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Dublin: 14 °C Thursday 18 September, 2014

An Irish tsunami is ‘possible’ – experts

This week’s earthquake in Donegal had us wondering whether Ireland needs to worry about more of the same occurring – and the answer is a resounding yes.

File photo of a seismometer catching details of the massive Indonesian earthquake in March, 2005.
File photo of a seismometer catching details of the massive Indonesian earthquake in March, 2005.
Image: WAYNE GLOWACKI/AP/Press Association Images

EARTHQUAKES ARE QUITE common and frequent in Ireland despite the country not sitting on any major fault lines.

And not only is the island susceptible to earthquakes, Ireland has been hit by tsunamis in the past – and could be again.

Following a minor earthquake in Donegal this week, TheJournal.ie got in touch with the Irish National Seismic Network (INSN) to ask what is the actual threat to Ireland from seismic activity.

Speaking to us, the INSN advised that not only do earthquakes occur in Ireland but that they “happen continually”.

Director of the organisation Tom Blake says there are two areas in Ireland where major faulting occurs – Donegal and Wexford.

In Donegal, fault lines come in from as far away as Scotland and in the Irish Sea, near Wexford, there are fault lines coming from Anglesea.”

This week’s earthquake in Donegal measured 2.2 on the Richter Scale and Blake advised that it was “normal” in terms of seismicity in the area.

“The measure was within the standards we expect,” added Blake, who oversees five seismology stations in various parts of Ireland.

More powerful earthquakes have been experienced in the Irish Sea with “bangs” measuring about magnitude 5 being relatively common. On 19 July 1984 an earthquake hitting 5.4 on the Richter Scale hit the Irish Sea causing some structural damage on the east coast.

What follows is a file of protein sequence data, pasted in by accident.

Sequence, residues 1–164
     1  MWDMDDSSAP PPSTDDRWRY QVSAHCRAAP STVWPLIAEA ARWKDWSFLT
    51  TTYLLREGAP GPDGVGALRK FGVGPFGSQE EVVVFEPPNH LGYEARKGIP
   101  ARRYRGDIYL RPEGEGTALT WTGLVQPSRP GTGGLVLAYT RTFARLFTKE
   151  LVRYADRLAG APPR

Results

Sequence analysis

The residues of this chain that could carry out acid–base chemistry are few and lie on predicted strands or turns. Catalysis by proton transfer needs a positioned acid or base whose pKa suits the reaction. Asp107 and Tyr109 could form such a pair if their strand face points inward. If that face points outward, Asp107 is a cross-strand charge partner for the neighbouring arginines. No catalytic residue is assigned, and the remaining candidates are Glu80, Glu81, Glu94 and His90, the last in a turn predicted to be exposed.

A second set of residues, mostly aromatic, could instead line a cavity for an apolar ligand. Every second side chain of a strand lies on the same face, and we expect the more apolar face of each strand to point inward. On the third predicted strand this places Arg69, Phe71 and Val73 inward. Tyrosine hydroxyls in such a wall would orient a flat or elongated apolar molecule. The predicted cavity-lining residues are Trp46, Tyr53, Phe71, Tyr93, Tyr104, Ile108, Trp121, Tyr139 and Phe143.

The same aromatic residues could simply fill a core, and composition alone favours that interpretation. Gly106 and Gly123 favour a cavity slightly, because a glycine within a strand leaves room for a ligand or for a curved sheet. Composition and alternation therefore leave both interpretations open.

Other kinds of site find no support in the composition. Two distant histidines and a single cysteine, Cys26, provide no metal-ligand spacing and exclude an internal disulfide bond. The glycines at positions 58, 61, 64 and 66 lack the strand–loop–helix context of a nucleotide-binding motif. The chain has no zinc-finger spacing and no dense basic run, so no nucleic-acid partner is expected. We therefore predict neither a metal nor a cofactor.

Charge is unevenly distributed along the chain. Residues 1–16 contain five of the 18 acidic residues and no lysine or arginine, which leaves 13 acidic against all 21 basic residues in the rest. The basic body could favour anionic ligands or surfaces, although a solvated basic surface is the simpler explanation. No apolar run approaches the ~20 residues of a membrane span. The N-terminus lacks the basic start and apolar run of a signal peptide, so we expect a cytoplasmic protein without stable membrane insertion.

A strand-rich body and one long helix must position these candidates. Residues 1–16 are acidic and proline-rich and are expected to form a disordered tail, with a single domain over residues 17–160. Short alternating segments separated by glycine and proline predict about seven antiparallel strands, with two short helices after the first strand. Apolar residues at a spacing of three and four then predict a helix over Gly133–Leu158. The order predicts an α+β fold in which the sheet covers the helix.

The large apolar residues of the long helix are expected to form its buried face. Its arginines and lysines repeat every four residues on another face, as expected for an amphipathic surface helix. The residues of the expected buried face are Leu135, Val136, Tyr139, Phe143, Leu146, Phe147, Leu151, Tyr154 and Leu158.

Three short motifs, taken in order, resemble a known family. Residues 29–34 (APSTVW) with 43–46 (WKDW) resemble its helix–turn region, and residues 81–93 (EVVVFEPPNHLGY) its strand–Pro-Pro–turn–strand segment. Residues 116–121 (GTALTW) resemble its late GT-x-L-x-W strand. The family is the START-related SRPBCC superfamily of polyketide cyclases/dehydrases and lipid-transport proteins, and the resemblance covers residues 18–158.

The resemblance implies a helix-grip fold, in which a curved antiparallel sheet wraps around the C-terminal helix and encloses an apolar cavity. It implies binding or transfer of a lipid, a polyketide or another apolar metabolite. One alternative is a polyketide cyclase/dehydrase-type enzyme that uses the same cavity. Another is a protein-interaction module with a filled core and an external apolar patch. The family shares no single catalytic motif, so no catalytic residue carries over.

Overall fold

This can be expected to happen every 25 to 30 years, said Blake, but added that no seismologist in the world can accurately predict quakes.

We can only look at previous patterns and we can see something of a similar nature has occurred before.”

However, sometimes the earth offers up surprises.

The largest onshore event in Ireland since records began in 1978 happened in Clare in May 2010 when an earthquake of magnitude 2.6 hit in an area previously thought to be aseismic.

Image of a seismometer reading during the 2010 earthquake in the region of Ennistymon and Inagh.

The past

There is plenty in Ireland’s past to indicate that earthquakes occur here. Folklore from before the 1800s shows us that seismic activity is not new phenomenon.

“The writings of various peoples from the past show there are indications of people writing down effects of earthquakes. In the Mallow area, there are depictions of the earth shaking and crockery rattling during events of the 1800s. This folklore give us an insight into the past activity onshore and offshore Ireland,” explains Blake.

Going back even further, there are details in The Annals that depict an earthquake in Sligo in 1490 during which 100 people, as well as cattle and sheep, died.

The Irish Connection

Although Ireland is known as a quite stable land with little risk of a major earthquake, it was an Irish scientist and engineer Robert Mallet who coined the term seismology and created the first seismometer in 1846.

Earthquakes in Ireland are not connected with plate movement but with a buildup of stress and tension on the rocks. As this pressure becomes too much and is released, it manifests as an earthquake.

The nearest plate boundary to Ireland is the Mid-Altantic Ridge about 2,500km off the west coast. Although active, it is very unlikely that an earthquake there would cause a major problem for Ireland – unless a massive tidal wave occurs.

And that is a greater possibility than one might think…

The Great Lisbon Earthquake on 1 November 1755 was felt in Cork and about 2-and-a-half-hours later a tsunami engulfed the coast of Cork.

“Nobody was killed, thank goodness,” exclaims Blake, “But it does raise an interesting topic about monitoring seismicity around the Atlantic and Bay of Biscay.”

If the event is strong enough and shallow enough, another tsunami is “quite possible”, continues Blake.

Similar waves to that seen in Cork in 1755 were recorded at Newlyn, England after earthquakes west of Portugal in 1941 and 1975.

As well as the network’s five permanent stations in Dublin, Kerry, Galway, Donegal and Wexford, the group’s outreach programme has installed 55 seismometers in schools across the country to keep an eye on activity.

It says that the 2010 expansion of its work plays an important role in monitoring for tsunamis to feed data to the North East Atlantic and Mediterranean Tsunami Warning Centre.

More: Minor earthquake strikes Co Donegal>

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